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Sunday Age

His mild Irish heart

Author: Helen Barlow
Date: 25/04/2010
Words: 1277
Source: SAG
          Publication: The Sunday Age
Section: M
Page: 24
Ciaran Hinds may play miserable but in person he is anything but, writes Helen Barlow.

Tall and with cheekbones etched into his face as if he were born to rule the world, Irish actor and stage veteran Ciaran Hinds towers imperiously over his adversaries in many of his screen roles - most notably as Julius Caesar in Rome - though he just as easily makes us fall in love with him. We empathised with his vulnerable, austere naval captain pining for the upper-class heroine in Jane Austen's Persuasion and we even felt sorry for his mean-minded mayor in The Mayor of Casterbridge, perhaps the best screen adaptation of Thomas Hardy's work.

"That was pretty miserable, you know," Hinds says of playing the dour Michael Henchard in the 2003 BBC production. "I like a laugh as much as the next man. But obviously the way my face hangs they think, 'Here's a man who looks depressed. Oh, he looks really depressed now! I think it's beyond depression. Why doesn't he just kill himself?' It's hard to know why they chose me."

The good-natured Belfast-born 57-year-old is actually rather Bohemian. For seven years he has lived in Paris in an enclave of artists and writers near Pere Lachaise Cemetery with his French-Vietnamese performer partner, Helene Patarot, whom he met on Peter Brook's theatre epic The Mahabharata in Paris in the mid-1980s.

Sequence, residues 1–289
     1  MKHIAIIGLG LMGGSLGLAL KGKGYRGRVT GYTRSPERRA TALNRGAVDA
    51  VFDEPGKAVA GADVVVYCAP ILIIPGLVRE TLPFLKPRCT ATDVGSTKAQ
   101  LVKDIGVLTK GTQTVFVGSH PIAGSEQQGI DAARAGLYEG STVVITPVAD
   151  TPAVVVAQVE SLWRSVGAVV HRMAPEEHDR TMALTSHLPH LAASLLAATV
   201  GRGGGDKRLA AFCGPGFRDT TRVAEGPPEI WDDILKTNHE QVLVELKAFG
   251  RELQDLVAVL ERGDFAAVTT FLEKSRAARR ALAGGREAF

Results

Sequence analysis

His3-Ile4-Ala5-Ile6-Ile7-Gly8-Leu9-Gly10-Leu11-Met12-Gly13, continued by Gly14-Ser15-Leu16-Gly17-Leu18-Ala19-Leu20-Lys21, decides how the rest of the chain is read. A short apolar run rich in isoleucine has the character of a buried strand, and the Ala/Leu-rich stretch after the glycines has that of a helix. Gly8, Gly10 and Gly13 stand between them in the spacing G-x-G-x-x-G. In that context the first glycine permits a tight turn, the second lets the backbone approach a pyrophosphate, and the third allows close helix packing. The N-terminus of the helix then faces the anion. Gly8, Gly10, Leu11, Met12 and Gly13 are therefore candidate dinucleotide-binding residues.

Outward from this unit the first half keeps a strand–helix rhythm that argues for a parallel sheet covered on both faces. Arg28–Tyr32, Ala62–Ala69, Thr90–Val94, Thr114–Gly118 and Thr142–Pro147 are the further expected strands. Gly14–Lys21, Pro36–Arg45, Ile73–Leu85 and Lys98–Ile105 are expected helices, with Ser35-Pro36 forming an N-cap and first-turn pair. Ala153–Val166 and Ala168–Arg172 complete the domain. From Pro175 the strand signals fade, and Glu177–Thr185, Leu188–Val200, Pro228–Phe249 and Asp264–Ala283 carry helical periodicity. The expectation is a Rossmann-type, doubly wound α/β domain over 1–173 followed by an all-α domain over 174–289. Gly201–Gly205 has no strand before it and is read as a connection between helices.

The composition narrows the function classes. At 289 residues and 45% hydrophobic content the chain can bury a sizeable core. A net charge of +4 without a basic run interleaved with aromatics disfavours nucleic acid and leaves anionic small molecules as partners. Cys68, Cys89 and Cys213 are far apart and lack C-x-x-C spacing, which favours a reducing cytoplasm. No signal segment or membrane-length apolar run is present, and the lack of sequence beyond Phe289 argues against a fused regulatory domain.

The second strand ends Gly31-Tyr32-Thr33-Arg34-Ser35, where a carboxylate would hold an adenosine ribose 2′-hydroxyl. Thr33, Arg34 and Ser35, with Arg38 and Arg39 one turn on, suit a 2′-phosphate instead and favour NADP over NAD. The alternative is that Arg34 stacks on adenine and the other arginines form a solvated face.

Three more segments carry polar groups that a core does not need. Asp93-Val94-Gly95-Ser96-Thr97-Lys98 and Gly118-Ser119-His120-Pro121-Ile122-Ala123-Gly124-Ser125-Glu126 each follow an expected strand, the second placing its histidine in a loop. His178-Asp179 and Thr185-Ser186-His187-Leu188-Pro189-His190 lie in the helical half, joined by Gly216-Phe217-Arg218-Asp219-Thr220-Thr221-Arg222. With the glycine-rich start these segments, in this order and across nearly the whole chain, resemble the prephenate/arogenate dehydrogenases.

An actor who has starred in landmark stage productions - most notably Patrick Marber's Closer and Sam Mendes's Richard III, in London, Dublin, Glasgow and New York - Hinds adds considerable heft to movies. He is instantly recognisable from blockbusters (Munich, The Sum of All Fears), kids' movies (Race to Witch Mountain, The Nativity Story as Herod) and Oscar-nominated dramas (There Will Be Blood, The Road to Perdition).

One of his strangest castings, though, is the portrayal of Sam Worthington's character as an older man in the upcoming Mossad spy thriller The Debt.

"I only have a couple of scenes but who put that together, and does it work?" he asks quizzically. "I have to say I probably have a couple of inches on Sam and that's not boasting! Obviously we weren't on the set at the same time - that would have been very odd - but when we were doing screen tests he was very quiet and personable."

Surprisingly, this indelibly Irish actor rarely appears in Irish movies, even if he did show up as a priest in In Bruges and in Veronica Guerin, alongside "the sublime Cate Blanchett". He is now the lead in Conor McPherson's The Eclipse and all we can say is, it's about time.

Hinds was in McPherson's The Seafarer on Broadway when the three-time Tony award-winning Irish playwright slipped the actor his screenplay, which he'd based on a story by his friend Billy Roche. Set in the gothic seaside port of Cobh in County Cork, and focusing on a man who is raising his two children after the death of his wife, the romantic drama (with supernatural thriller elements) offered the kind of heartfelt interior role at which Hinds excels. He won the best actor award at last year's Tribeca Film Festival for his performance, though he missed out in the recent Irish Film and Television Awards, where The Eclipse won three prizes, including best film.

"Michael Farr is closer to myself than other people I've played," Hinds says of his character who is transformed when a successful writer (Iben Hjejle) talks at the town's literary festival. "I like that the story's not neatly tied up with a bow but we know that these two people have made a real connection.